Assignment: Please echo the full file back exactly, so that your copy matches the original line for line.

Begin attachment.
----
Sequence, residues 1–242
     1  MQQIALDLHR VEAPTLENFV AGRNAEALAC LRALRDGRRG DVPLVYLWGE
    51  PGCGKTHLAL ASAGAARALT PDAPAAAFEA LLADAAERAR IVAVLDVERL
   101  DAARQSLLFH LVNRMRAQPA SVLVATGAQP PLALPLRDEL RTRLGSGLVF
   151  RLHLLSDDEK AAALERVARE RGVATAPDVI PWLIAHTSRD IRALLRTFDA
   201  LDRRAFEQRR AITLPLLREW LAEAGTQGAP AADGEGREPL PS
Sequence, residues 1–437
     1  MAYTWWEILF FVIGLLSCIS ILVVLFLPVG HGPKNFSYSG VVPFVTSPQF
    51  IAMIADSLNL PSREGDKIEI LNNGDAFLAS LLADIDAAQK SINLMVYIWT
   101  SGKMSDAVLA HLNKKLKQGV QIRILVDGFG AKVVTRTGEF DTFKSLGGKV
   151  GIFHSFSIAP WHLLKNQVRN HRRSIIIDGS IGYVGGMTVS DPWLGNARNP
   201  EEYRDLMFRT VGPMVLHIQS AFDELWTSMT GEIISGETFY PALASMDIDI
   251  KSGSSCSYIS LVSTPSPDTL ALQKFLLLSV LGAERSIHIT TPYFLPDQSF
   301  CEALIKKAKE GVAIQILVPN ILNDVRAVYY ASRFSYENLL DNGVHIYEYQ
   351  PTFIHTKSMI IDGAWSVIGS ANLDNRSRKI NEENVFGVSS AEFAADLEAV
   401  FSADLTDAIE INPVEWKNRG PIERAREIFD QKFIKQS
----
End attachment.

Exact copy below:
Sequence, residues 1–242
     1  MQQIALDLHR VEAPTLENFV AGRNAEALAC LRALRDGRRG DVPLVYLWGE
    51  PGCGKTHLAL ASAGAARALT PDAPAAAFEA LLADAAERAR IVAVLDVERL
   101  DAARQSLLFH LVNRMRAQPA SVLVATGAQP PLALPLRDEL RTRLGSGLVF
   151  RLHLLSDDEK AAALERVARE RGVATAPDVI PWLIAHTSRD IRALLRTFDA
   201  LDRRAFEQRR AITLPLLREW LAEAGTQGAP AADGEGREPL PS
Sequence, residues 1–437
     1  MAYTWWEILF FVIGLLSCIS ILVVLFLPVG HGPKNFSYSG VVPFVTSPQF
    51  IAMIADSLNL PSREGDKIEI LNNGDAFLAS LLADIDAAQK SINLMVYIWT
   101  SGKMSDAVLA HLNKKLKQGV QIRILVDGFG AKVVTRTGEF DTFKSLGGKV
   151  GIFHSFSIAP WHLLKNQVRN HRRSIIIDGS IGYVGGMTVS DPWLGNARNP
   201  EEYRDLMFRT VGPMVLHIQS AFDELWTSMT GEIISGETFY PALASMDIDI
   251  KSGSSCSYIS LVSTPSPDTL ALQKFLLLSV LGAERSIHIT TPYFLPDQSF
   301  CEALIKKAKE GVAIQILVPN ILNDVRAVYY ASRFSYENLL DNGVHIYEYQ
   351  PTFIHTKSMI IDGAWSVIGS ANLDNRSRKI NEENVFGVSS AEFAADLEAV
   401  FSADLTDAIE INPVEWKNRG PIERAREIFD QKFIKQS